(The New York Times: Published 12/17/2014, Bidgood, Jess, and Tavernise, Sabrina, Web)
Fourteen employees of a Massachusetts compounding pharmacy were charged Wednesday in connection with a fungal meningitis outbreak that killed 64 people in several states, the United States attorney’s office in Boston said. Among those arrested were three members of the family whose business empire included the pharmacy — Gregory, Douglas and Carla Conigliaro — and Barry Cadden, a brother-in-law, who was also an owner. They were taken into custody in their homes before sunrise on Wednesday, a spokeswoman for the United States attorney’s office, Christina DiIorio-Sterling, said. The charges are contained in a 131-count indictment and include 25 predicate acts of second-degree murder. It includes counts of racketeering, conspiracy and mail fraud.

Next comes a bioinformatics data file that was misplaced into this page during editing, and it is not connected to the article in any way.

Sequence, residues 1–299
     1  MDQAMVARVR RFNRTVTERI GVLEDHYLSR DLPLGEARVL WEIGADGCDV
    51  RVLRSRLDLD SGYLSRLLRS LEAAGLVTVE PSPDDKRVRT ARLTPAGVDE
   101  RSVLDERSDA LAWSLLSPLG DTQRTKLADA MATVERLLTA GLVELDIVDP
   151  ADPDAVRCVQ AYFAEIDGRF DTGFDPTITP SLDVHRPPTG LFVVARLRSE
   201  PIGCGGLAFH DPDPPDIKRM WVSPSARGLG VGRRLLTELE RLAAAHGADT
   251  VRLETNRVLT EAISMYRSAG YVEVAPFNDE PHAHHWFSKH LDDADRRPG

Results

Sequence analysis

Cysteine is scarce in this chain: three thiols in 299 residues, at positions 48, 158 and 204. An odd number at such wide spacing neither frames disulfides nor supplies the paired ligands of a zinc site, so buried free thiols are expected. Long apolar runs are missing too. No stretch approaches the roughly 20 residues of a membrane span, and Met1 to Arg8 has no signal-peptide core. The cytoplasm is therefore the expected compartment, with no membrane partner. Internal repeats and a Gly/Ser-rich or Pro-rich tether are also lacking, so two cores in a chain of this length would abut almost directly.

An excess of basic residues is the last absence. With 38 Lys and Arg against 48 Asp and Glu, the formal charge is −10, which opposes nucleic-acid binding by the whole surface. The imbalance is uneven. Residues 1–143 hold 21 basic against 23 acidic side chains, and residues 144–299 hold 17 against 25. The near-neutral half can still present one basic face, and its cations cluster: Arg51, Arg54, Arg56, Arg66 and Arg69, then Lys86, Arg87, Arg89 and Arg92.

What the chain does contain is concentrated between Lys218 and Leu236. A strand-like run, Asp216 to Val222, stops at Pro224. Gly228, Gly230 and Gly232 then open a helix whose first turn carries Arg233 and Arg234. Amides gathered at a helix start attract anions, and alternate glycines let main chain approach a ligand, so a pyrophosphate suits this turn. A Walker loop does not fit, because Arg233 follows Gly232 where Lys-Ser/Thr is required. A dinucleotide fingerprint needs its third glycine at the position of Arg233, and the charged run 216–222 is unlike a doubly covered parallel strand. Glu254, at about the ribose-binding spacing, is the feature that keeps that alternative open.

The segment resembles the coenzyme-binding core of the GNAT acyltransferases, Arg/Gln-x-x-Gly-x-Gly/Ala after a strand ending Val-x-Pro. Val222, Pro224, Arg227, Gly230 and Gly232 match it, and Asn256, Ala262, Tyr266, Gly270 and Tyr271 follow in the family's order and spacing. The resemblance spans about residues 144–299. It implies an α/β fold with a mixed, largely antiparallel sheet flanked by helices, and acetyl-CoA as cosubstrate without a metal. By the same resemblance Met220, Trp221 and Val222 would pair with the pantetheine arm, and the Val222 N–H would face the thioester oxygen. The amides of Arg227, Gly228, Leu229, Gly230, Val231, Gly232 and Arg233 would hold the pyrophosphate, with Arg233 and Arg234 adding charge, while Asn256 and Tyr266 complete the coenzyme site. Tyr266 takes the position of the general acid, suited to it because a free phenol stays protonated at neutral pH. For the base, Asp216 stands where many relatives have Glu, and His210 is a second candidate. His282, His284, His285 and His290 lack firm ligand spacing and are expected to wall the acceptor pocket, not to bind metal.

The indictment also names Glenn Adam Chin, 46, the head pharmacist of the company. The arrests signal the beginning of criminal proceedings against the New England Compounding Center, whose contaminated drugs led to the deaths in the fall of 2012, the authorities say. More than 680 people were sickened.
The contamination caused an uproar and prompted new legislation about compounding pharmacies, which make specialized formulations of drugs for patients with particular needs. Over the years, such companies have grown into mass manufacturers distributing medicine all over the country, virtually unregulated by the federal government. The charges filed against Mr. Chin, described in a criminal complaint provided by the United States attorney’s office, accuse him of fraudulently labeling drugs as injectable and shipping them to a pain clinic in Michigan, where 217 patients eventually contracted fungal meningitis and 15 died.
Medication errors can be serious, permanent and even fatal. The lawyers at Liever, Hyman & Potter, P.C., have been representing clients in injury and death cases for more than 50 years in Berks County and Schuylkill County and throughout Eastern and Central Pennsylvania.
From the desk of Adam K. Levin, Esquire